Thursday, 23 February 2012

Should Hitler, Stalin and rapists be justified in the end? Moltmann versus Chan

Should the likes of Hitler and Stalin who murdered millions of innocent people be justified in the end? What about rapists who stubbornly persist in doing evil? Should they get a second chance after death? Should they be forgiven and accepted into the future New Creation and Kingdom of God? It seems that Professor Jurgen Moltmann thinks so. He writes:

"The victims of sin and violence will receive justice. They will be raised up, put right, healed and brought into life. The perpetrators of sin and violence will receive a justice which transforms and rectifies. They will be already transformed inasmuch as they will be redeemed only together with their victims. They will be saved by the  crucified Christ, who will encounter them together with their victims. They will 'die' to their misdeeds in order to be 'born again' together with their victims to a new, common life" (Jurgen Moltmann, Sun of Righteousness Arise!, 2010), p137.

I was really saddened when I read chapter 13 in Professor Moltmann's book. His section on bodily resurrection is to say the least exceptional exegesis of the New Testament. I was gobsmacked however when I analysed his exegesis of the New Testament texts dealing with final judgement.

I find the well-known American pastor Francis Chan's book Erasing Hell (with scholars like Preston Sprinkel and Simon Gathercole's input) an easy to read, mature and well-balanced critique of the kind of universalism which Moltmann proposes. This particular section is illuminating:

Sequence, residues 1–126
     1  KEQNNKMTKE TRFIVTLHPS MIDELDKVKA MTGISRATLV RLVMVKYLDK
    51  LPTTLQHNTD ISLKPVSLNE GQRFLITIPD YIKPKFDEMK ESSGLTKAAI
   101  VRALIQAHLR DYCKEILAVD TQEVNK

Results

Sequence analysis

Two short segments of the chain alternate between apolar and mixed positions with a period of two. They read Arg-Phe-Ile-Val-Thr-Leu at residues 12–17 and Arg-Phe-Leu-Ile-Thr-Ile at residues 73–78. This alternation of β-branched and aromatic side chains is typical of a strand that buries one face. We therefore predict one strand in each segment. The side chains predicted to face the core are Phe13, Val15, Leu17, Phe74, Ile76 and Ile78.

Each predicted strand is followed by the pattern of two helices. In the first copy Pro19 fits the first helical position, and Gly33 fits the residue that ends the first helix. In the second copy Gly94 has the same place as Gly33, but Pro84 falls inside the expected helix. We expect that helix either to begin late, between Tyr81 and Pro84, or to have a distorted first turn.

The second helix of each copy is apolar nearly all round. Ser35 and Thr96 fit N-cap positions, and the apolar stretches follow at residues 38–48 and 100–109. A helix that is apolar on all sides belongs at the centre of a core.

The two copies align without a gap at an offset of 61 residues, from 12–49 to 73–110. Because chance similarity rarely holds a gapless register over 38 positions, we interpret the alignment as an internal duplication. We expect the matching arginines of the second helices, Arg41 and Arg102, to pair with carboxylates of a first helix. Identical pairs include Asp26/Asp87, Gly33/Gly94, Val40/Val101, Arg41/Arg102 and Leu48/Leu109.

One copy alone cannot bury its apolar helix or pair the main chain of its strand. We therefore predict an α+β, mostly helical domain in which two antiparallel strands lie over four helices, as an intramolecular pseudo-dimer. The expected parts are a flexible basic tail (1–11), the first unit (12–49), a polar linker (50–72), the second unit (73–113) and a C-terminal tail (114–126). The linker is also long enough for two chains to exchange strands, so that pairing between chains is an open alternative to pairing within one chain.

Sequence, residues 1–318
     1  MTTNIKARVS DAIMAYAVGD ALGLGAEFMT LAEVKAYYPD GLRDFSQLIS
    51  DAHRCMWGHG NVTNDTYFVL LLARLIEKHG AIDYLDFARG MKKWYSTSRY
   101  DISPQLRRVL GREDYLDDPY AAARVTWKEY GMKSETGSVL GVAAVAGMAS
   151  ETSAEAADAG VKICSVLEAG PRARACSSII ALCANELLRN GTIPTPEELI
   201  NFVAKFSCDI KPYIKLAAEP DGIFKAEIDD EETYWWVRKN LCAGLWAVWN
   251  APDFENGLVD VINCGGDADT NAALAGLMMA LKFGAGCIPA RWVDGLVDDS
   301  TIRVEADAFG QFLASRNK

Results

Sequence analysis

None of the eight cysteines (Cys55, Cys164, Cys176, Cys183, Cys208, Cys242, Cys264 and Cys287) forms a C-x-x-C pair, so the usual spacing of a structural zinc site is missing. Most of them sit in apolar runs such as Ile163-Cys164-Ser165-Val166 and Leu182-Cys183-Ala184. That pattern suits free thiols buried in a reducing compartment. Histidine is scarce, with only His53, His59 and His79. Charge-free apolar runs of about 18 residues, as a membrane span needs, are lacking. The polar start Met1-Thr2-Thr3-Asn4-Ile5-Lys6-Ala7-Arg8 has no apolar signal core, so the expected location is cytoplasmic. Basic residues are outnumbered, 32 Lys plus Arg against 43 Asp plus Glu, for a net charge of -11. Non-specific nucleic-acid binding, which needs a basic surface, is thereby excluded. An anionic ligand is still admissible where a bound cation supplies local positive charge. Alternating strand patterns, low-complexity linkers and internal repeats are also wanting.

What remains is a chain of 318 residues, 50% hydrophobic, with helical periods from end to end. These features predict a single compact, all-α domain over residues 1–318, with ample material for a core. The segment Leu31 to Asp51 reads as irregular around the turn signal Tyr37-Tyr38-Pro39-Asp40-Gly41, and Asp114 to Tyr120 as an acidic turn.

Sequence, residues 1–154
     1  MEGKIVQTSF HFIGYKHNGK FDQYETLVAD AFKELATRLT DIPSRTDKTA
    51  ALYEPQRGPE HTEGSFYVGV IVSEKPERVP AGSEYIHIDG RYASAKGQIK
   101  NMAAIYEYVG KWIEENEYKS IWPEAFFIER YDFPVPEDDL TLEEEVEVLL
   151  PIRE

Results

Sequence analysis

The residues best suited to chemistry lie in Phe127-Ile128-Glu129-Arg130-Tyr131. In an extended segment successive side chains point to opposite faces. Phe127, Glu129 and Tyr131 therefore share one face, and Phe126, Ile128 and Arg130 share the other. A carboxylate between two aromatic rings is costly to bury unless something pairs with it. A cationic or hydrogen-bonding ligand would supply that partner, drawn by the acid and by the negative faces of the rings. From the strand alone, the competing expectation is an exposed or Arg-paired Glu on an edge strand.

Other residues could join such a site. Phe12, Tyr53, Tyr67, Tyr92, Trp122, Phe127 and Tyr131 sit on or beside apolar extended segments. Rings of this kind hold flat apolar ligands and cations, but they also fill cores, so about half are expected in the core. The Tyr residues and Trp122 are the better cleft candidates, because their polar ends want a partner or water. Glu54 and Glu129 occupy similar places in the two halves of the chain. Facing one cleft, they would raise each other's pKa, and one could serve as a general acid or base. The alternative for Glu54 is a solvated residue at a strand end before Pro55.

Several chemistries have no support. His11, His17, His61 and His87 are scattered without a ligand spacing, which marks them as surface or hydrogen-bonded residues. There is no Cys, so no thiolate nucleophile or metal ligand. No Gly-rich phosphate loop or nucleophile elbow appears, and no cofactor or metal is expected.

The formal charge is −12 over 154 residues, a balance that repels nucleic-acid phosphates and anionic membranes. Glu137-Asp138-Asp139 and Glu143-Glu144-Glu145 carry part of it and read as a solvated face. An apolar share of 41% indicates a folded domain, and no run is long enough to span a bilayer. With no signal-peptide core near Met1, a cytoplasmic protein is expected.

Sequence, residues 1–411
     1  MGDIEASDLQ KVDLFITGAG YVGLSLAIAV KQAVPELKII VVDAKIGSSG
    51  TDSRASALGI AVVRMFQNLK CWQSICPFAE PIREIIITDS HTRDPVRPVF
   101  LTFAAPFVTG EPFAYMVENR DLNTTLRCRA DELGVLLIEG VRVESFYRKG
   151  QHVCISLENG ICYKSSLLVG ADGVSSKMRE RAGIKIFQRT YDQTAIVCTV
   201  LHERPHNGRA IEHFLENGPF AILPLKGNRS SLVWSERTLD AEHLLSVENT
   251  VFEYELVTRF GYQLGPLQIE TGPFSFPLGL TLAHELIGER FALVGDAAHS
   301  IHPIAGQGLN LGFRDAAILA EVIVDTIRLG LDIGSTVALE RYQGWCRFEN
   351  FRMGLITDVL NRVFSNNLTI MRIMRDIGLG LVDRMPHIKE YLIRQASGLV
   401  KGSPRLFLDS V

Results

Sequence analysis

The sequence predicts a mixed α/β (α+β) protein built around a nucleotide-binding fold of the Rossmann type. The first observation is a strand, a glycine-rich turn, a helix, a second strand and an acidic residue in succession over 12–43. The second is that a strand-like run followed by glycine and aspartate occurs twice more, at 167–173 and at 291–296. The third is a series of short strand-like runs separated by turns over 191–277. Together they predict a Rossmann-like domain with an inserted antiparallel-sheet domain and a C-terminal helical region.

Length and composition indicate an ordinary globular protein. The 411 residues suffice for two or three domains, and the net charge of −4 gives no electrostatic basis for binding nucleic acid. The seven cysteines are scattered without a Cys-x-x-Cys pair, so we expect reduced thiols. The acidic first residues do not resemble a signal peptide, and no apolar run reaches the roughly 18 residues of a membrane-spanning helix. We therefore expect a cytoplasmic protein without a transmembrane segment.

"According to those who believe that there are second chances after death, Jesus answers, ‘Come on in!’ He has to, right? To think that Jesus would answer any other way is cruel. It would be unloving and unjust! Could Jesus actually say, ‘Door’s locked. Sorry. If you had been here earlier, I could have done something. But now, it’s too late’? Yes, actually, He could. Though we may wish for the door to fling open, Jesus says He will do the opposite:

When once the master of the house has risen and shut the door, and you begin to stand outside and to knock at the door, saying, ‘Lord, open to us,’ then he will answer you, ‘I do not know where you come from .... Depart from me, all you workers of evil!’ In that place there will be weeping and gnashing of teeth, when you see Abraham and Isaac and Jacob and all the prophets in the kingdom of God but you yourselves cast out (Luke 13:25-28).

This passage gives no hint whatever that the door will remain permanently open. If Jesus believed in second chances for those who reject Him in this life, then this parable is dangerously misleading. For those who follow Jesus, there is everlasting life in the presence of God, but for those who don't follow Him, there will be punishment ... It is sobering to think about this parable. Jesus did not say these words so we would one day merely discuss them in a book ... Please take some time to at least read it again. Read it with care. Read it with conviction, knowing that there will be people on the other side, in a terrible place of punishment. A Place called hell" (Erasing Hell, p37-38).

Even for those who disagrees with Chan, get his book. He is not your average American "Evangelical"! He has grace, passion, conviction and lots of creativity. Look at this YouTube introduction to the book and see what I mean:

1 comment:

Louis van Jaarsveld said...

This is the truth - and not only to our liberal theologians who devise their own schemes. Also to our conservative theologians who elevate themselves by idly repeating "Lord, Lord...".

Only Jesus is Lord!

Aan eenvoudiges is soos 'n granaat oopgebreek, dit wat vir slim en geleerdes weggesteek was.